right external stakeholders with internal colleagues can
help speed-up thinking and translate insights quickly
into new ideas.
Accelerating integration: Embedding the materiality
process into risk management and corporate strategic
planning can accelerate the integration of sustainability
into the business. Using materiality outputs to engage
directly with other departments such as investor relations,
supply chain or human resources can also build capacity.
Breeding internal collaboration: Facilitating collaboration
between departments as part of the process can foster
internal alignment on priorities and speed up problem
solving on key challenges and solutions. Over time this
can translate into a hard-to-imitate capability.
Building confidence with financial stakeholders: Using
materiality to demonstrate an awareness of priority ESG
topics and their integration into business planning can
breed confidence amongst shareholders and other
investors, including SRI investors.

More Common Outcomes


Focusing minds and resources: Identifying and committing
to a small number of priority topics will focus your efforts
on fewer, bigger, better, deepening integration, driving
momentum, increasing return on investment, and impact.
Informing sustainability strategy: Materiality is often used
to evolve or shape new sustainability strategies, testing key
priorities and opportunities, and testing ambitions relative to
peers. But its not the final word on strategy. The companys
unique identity and strengths, corporate strategy and brand,
and wider operating context need to be considered in parallel.
Heightening executive level awareness: Materiality can help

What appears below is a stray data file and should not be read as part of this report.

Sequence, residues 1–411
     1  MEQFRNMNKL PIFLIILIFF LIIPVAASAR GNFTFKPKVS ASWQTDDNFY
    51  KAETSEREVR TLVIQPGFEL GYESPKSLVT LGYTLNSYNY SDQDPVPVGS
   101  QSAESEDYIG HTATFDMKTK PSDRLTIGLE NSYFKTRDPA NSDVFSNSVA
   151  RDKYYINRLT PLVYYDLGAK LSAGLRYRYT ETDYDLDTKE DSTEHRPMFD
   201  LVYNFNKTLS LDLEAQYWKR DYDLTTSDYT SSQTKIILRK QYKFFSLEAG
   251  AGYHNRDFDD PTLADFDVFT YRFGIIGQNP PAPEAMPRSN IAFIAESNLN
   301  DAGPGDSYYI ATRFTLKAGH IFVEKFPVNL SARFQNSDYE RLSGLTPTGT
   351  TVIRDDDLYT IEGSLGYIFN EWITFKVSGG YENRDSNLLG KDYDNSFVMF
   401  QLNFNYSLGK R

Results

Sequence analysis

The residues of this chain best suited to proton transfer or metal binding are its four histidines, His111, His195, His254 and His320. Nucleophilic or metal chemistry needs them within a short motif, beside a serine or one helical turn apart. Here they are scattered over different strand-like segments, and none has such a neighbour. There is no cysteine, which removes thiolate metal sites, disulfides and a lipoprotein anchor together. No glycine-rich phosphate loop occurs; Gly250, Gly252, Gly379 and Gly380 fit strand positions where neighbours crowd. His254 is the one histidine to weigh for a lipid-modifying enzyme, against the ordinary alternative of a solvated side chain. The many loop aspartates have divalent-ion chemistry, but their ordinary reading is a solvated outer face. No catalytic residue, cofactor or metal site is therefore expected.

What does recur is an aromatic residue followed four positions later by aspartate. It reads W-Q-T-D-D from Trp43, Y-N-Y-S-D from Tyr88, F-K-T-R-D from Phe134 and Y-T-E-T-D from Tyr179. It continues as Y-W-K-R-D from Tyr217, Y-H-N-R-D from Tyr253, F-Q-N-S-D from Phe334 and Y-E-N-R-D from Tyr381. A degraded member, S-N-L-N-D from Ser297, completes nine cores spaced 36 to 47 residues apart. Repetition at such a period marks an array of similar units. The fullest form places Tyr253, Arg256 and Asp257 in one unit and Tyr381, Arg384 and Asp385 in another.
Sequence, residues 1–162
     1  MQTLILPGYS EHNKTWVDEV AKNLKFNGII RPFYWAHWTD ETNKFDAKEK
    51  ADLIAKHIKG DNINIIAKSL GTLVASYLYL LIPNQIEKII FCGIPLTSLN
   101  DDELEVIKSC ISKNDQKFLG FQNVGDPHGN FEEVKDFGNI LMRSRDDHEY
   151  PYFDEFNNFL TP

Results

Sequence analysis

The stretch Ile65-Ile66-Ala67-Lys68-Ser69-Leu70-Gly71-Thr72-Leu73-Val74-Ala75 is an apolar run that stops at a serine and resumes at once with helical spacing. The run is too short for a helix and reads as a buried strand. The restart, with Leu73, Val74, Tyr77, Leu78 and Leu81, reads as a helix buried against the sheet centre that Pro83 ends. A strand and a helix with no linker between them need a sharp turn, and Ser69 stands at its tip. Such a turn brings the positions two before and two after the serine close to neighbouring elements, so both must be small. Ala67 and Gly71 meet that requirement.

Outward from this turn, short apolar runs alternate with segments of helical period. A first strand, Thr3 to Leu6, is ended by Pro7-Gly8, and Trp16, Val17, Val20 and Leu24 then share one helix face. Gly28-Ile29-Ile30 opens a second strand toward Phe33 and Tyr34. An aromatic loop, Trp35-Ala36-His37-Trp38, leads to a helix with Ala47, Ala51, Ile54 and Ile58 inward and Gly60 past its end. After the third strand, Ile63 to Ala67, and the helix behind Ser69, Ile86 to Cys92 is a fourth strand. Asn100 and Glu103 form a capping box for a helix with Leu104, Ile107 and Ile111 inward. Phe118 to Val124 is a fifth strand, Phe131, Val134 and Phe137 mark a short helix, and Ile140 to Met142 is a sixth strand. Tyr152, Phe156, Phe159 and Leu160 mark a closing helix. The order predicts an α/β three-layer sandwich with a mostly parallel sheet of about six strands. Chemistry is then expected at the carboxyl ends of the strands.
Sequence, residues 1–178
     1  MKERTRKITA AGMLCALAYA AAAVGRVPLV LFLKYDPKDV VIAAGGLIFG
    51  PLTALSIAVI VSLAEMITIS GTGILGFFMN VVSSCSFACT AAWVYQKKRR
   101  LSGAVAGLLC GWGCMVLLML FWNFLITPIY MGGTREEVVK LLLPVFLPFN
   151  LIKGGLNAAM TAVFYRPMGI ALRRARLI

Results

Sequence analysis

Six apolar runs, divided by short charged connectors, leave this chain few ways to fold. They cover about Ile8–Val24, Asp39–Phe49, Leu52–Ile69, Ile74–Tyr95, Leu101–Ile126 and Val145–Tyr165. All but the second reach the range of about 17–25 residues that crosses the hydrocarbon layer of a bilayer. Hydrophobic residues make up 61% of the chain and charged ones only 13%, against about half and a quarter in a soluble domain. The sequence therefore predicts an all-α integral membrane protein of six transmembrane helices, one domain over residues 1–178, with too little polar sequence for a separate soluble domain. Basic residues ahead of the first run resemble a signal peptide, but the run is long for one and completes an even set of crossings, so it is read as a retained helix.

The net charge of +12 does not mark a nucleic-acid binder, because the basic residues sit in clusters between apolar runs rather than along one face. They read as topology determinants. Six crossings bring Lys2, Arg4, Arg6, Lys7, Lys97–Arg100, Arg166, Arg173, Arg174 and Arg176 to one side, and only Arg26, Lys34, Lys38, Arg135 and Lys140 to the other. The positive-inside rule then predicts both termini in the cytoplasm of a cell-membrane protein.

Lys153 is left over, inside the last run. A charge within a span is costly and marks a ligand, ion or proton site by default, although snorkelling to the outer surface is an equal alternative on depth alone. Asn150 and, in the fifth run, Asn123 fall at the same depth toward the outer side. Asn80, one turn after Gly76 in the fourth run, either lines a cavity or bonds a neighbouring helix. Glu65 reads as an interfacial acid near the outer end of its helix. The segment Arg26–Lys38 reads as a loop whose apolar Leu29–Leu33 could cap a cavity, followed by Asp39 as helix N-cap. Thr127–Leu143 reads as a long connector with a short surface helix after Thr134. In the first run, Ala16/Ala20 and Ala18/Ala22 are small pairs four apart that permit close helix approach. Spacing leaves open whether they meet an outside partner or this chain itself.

demonstrate the strategic importance of priority issues and
be used as a trigger for ongoing dialogue at the executive level.
This can build the knowledge of top management and improve
corporate governance.
Improving stakeholder relationships: Materiality can
be used to establish new connections or evolve existing
relationships. This can strengthen stakeholder support,
surface new opportunities for partnership, and highlight
groups or issues where ongoing engagement is required.
But the experience must be meaningful, positive and
rewarding from start to finish.
Informing messaging and communication: Designing
in insights on the needs, expectations and knowledge of
important external stakeholder groups can help inform
communications planning target audiences, channels,
approaches, and key messages.

Now that we have gone through a core


issues assessment and examined data
that shows the sense of urgency and
difference between topics we have
channelled staff efforts and capital
accordingly.

Matthew Swibel
Director, Corporate Sustainability
Lockheed Martin

About Salterbaxter
Wehelp businesses and brands step
up to the challenge of the changing
relationship between business and
society. We combine smart strategy,
sharp insights and creativity to help
purpose-led businesses succeed.
Whether its communicating to
investorsor opinion formers, engaging
employeesor changing consumer
behaviour, our work delivers for our
clients in three key dimensions:
1. Purpose
Creating, defining, understanding and
building more purposeful organisations,
strategies, brands and communications.
2. Performance
Strategies to drive betterperformance
and communicationsto make this
performancetransparent and trusted.
3.Transformation
Helping businesses and brands to
reinvent, find new models and drive
the changes needed to fulfil the new
contract between business and
society.